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I Feel Lucky

By Jayne Waterford
Copyrighted © Jayne Waterford, 15th May 2013. Revised 2nd April 2014.
REVIEW: "SEARCHING FOR SUGAR MAN": a film about Rodriguez by Jayne Waterford

The first question asked is, "Who is this guy?"

This documentary is made by fanatics of a revolutionary musician who inspired the Africaan's revolution against Apartheid in South Africa, contributing to the rise of the ANC (Nelson Mandela's party). "SEARCHING FOR SUGAR MAN" incorporates stories that I have heard through my life and spans Cape Town, South Africa, Palm Springs, California, USA and Detroit, Michigan, USA. The soundtrack are original songs from the career of Rodriguez in complete concepts and some whole songs. As Rodriguez sings, we sometimes pan through Detroit, even before we get there in the story.

The film begins little obscurely and then very gravely. "It's been 40 years since the release of his first album," Stephen "Sugar" Segerman's narrative recorded in 2011. Rodriguez was much bigger than the Rolling Stones in South Africa. He is said to have died in what was, "probably the most grotesque suicide in rock history." ("Sugar")

And the stories begin. Stories I've heard.

We hear the testimony of buddies Rodriguez works

with in restoring houses in Detroit plus big-named producers and through these testimonies we piece together a biography of this man, his music, it's impact on world history and the impact of his legacy on his family and life, decades after the release of albums. The albums only flew in South Africa and didn't do anything anywhere else. His success was as bizarre as ABBA's in Australia and nowhere else.

Rodriguez career spanned the making of two albums:

'Cold Fact' (1970) co-produced by Dennis Coffey, who also worked with: Marvin Gaye, Stevie Wonder, The Temptations, The Supremes, Gladys Knight, Ringo Star, The Four Tops and Wilson Pickett. The other producer of 'Cold Fact,' who came in on the story much later in its development (1997), is Mike Theodore. Rodriguez's second album is 'Coming From Reality' (1971) produced by Steve Rowland who also worked with Jerry Lee Lewis, The Cure, Peter Frampton, Gloria Gaynor, Boney M and The Pretty Things.

Coffey and Mike tell a story of their first encounter with Rodriguez, a mysterious harbour bar where Rodriguez played with his back to the audience. I overheard the story being told between musicians in the early 80s. I asked about it but was told it didn't matter. It was considered by the musicians not to be relevant to me.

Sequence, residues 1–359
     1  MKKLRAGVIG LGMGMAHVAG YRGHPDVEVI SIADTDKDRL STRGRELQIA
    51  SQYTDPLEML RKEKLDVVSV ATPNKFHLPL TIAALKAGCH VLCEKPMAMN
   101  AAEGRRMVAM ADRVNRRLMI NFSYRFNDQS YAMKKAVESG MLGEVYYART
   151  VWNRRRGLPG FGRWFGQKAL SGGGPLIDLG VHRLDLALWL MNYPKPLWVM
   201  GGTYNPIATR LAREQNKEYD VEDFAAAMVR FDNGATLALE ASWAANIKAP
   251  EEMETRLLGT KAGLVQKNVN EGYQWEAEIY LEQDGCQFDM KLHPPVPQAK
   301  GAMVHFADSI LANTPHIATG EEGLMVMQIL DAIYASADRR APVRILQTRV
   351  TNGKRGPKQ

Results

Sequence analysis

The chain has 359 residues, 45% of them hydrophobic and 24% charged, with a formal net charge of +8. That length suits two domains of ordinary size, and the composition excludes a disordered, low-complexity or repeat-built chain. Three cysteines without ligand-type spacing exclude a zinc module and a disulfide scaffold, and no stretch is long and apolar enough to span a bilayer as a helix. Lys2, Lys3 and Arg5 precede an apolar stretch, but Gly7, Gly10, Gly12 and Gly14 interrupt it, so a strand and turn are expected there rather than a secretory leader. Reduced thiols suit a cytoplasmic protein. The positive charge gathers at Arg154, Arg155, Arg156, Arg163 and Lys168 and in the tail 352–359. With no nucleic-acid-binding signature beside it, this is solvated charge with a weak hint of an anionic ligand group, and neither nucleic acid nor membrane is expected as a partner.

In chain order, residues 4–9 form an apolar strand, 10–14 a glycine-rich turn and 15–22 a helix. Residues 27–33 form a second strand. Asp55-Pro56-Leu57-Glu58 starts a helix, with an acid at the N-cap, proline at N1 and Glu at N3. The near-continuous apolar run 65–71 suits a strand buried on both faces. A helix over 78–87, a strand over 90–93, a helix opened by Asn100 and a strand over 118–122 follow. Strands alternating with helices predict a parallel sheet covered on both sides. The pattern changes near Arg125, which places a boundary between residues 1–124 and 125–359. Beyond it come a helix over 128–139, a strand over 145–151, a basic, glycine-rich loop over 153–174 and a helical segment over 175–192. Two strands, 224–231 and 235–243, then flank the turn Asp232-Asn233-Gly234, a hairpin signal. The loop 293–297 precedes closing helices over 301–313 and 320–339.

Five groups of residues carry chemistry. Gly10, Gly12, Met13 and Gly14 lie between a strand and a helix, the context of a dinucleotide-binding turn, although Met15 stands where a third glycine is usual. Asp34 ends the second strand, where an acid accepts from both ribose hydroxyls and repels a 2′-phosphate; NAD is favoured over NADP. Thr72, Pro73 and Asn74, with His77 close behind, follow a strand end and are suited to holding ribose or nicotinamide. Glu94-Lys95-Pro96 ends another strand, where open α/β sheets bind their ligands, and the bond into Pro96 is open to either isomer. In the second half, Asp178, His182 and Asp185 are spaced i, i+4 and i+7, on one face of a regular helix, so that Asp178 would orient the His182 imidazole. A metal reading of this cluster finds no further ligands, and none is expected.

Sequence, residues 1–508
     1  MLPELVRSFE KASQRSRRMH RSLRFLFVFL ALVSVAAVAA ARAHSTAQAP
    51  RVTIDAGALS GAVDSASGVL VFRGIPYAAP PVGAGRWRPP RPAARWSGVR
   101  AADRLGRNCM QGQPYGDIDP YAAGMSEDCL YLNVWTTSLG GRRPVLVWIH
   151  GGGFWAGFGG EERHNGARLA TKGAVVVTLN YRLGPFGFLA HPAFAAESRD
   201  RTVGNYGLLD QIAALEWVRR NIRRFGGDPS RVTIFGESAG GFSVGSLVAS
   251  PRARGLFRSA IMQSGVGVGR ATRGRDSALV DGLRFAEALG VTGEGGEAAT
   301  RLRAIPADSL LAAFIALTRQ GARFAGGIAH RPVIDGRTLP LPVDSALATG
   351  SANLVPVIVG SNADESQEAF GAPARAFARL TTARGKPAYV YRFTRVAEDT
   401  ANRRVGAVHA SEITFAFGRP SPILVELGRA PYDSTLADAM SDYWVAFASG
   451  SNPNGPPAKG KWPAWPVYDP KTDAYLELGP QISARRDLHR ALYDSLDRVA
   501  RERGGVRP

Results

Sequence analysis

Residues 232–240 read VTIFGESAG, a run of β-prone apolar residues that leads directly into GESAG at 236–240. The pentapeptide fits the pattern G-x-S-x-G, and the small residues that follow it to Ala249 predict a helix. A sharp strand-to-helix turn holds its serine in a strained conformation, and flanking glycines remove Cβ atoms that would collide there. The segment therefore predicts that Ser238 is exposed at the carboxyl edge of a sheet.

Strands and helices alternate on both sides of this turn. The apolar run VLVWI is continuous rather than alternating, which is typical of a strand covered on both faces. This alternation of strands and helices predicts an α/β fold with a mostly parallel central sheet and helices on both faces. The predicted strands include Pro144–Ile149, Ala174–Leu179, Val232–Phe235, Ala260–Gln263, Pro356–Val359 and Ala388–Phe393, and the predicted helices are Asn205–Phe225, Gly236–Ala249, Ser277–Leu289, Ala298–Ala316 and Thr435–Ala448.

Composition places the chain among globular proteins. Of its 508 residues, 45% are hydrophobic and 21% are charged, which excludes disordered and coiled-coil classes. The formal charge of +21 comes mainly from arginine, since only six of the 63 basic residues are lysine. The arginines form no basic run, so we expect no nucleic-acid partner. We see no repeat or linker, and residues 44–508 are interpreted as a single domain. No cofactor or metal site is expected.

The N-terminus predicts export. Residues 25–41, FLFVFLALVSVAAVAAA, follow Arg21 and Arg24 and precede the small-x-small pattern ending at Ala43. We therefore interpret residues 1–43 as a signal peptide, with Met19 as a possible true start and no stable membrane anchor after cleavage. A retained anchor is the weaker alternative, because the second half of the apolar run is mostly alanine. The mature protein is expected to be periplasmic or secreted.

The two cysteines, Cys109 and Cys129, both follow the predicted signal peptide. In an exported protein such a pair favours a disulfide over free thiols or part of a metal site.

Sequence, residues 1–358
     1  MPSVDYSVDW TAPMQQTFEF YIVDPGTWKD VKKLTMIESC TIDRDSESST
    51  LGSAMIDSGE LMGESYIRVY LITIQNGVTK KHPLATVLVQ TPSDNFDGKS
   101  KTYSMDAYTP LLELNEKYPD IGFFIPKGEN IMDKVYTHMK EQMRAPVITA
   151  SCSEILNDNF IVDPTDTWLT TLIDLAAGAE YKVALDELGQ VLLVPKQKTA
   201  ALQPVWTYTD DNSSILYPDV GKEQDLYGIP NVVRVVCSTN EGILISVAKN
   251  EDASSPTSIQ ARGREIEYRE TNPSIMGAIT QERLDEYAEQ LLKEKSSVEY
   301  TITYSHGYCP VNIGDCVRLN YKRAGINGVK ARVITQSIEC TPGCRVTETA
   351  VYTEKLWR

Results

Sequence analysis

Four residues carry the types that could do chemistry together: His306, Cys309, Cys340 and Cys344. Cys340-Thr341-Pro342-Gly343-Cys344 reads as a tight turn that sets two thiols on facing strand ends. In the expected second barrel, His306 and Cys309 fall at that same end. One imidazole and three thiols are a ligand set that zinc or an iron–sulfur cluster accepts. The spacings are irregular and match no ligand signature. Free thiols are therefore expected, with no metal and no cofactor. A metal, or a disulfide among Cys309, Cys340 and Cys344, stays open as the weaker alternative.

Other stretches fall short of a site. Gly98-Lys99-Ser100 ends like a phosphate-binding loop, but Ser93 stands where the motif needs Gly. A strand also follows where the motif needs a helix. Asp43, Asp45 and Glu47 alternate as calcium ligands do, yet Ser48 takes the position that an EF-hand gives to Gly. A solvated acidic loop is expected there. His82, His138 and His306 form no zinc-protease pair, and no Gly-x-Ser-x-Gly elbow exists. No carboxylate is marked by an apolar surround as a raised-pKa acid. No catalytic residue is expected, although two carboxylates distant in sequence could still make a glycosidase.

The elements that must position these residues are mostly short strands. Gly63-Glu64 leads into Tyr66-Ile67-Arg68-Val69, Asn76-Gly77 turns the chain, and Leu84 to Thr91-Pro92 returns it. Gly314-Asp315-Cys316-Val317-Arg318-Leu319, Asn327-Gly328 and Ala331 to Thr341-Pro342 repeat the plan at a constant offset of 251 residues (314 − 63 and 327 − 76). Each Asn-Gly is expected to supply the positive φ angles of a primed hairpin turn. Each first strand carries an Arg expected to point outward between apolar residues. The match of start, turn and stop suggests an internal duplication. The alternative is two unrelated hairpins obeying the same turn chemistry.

Though we discussed the advantages of such a technique.

Testimony are interspersed with songs, set to video that pans Detroit at the pace of a slow moving car, either reinvented with CGI or filmed in the present day. It's rockin'.

The last song he recorded was 'Cause,' on 'Coming From Reality' (1971).

'Cause,' is the first song on the album and it's first line is, "I lost my job... two weeks before Christmas." The album was released in November and then, two weeks before Christmas, the studio threw him off the label. I mean... putting the thought out there as your first word into the ear of people considering buying your record... It does seem a little passive aggressive. I would have softened them up with 'I Wonder.' It's my favourite Rodriguez song :)

After 1971, Rodriguez cuts his hair.

'Cold Fact' was up there with "'Abbey Road' by The Beatles and 'Bridge Over Troubled Water' by Simon and Garfunkel and, news to us, it was one of the most famous albums of all time (in South Africa).

Africanas didn't know the word anti-establishment until

they heard it on a Rodriguez song. 'Cold Fact' gave people permission to free their minds and start thinking differently.

Braam was chatting about Rodriguez with his brother Andre one evening and as an experiment they pulled out 'Cold Fact,' which features an obscure picture of Rodriguez in a bubble. I thought it was hoaky and responded appropriately. They laughed, it was the response they were expecting and filed it. Braam started dancing and said, "I need to spend some time with some South Africans." I was offended. Why would he need them when he had me? Now I understand. He really did need to be around South Africans.